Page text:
An oftenly criticized feature of modern bearded irises is the dividing of clumps, which becomes necessary every 3 or 4 years. The entire clump has to be taken out of the bed whereupon the rhizomes are rejuvenated by cutting off old pedicels and rhizome pieces.
But dividing bearded irises isn't just a chore - the whole procedure does also have advantages:
Your irises won't grow together and you can easily multiply them.
The following 10 steps will show you how to divide your bearded irises fast and thoroughly.
Although it might look as if the rhizomes are only lying on the soil, they are deeply rooted. You should keep that in mind while lifting the clumps. So do not spade too close to the rhizome.
2. Taking the plant
If the roots appear you can grab the plant and pull it out of the soil.
3. Shaking off soil
If you order any irises, you will receive bare-root plants. In your own garden it's enough to just shake the soil off. - You don't have to wash it.
4. Collecting the plants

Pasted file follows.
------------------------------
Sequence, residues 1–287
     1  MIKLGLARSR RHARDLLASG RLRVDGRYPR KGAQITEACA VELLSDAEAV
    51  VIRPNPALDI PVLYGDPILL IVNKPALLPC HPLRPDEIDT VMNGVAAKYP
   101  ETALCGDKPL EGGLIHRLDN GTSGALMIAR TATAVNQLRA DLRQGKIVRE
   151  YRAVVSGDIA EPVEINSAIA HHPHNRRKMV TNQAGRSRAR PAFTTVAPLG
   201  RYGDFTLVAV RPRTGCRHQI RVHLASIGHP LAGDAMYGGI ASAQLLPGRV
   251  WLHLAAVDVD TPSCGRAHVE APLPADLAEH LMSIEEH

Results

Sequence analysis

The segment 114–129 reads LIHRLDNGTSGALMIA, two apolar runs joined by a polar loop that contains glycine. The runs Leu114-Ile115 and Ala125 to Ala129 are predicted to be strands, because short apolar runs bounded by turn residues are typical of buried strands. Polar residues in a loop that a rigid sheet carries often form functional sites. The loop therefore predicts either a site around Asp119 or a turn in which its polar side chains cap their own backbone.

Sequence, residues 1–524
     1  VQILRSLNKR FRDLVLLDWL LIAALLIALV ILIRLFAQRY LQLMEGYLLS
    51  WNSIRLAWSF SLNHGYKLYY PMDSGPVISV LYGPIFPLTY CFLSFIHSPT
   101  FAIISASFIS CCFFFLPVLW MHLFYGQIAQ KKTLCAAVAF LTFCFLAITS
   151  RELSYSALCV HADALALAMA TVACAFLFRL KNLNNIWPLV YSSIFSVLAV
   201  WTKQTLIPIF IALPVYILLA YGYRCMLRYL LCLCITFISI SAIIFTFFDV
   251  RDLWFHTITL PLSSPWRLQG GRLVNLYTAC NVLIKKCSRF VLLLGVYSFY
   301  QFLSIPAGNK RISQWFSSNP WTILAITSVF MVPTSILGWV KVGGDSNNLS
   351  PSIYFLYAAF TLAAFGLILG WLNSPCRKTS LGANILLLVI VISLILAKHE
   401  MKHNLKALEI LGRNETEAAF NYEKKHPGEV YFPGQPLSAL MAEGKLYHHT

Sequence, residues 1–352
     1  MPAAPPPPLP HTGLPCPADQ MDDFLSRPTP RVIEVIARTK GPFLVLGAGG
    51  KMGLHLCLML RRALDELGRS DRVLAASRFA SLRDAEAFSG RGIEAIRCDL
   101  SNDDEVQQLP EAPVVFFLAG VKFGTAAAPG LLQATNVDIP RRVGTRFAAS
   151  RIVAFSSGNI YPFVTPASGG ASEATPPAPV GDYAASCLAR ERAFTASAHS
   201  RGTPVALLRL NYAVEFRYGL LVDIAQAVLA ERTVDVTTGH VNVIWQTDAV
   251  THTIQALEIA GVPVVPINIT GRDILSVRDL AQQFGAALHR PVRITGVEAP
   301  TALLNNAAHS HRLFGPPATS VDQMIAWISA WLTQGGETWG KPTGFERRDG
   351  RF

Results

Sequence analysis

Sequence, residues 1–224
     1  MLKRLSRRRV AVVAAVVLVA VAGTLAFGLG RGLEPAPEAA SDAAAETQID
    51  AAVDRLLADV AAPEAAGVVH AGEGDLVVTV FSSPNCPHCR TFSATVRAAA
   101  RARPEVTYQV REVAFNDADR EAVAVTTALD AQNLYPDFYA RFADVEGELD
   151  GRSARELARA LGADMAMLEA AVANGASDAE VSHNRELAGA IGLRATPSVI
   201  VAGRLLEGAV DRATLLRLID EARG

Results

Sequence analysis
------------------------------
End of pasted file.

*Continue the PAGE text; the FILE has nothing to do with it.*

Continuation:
It's to be recommended to dig out all plants of one variety before continuing with the next steps just to save yourself from getting mixed up with more than one variety. Be also mindful of taking the label (if exisitng) of your iris.
5. Cutting off old rhizomes
In order to get single, healthy plants you cut off old rhizomes.
6. Trimming roots
To stimulate new root growth, the roots should be shortened.
7. Trimming foliage
Because the shortened roots can't provide the whole foliage with sufficient nutrients and water, the foliage has to be taperingly pruned. That saves the sprout in the middle of the foliage.
That's what your irises should look like after first care. - Now they are ready to be planted again.
8. Preparing soil
Bearded irises need good drainage and every now and again some compost for a healthy and strong growth. So if necessary you should mix some sand and compost into the soil.
Now the iris can be planted into the mixed substrate. In order to optimize the drain you can plant it slightly elevated. And don't forget labeling!
Even if bearded irises else don't have to be watered, it's importent after planting, because the roots must be encompassed by soil.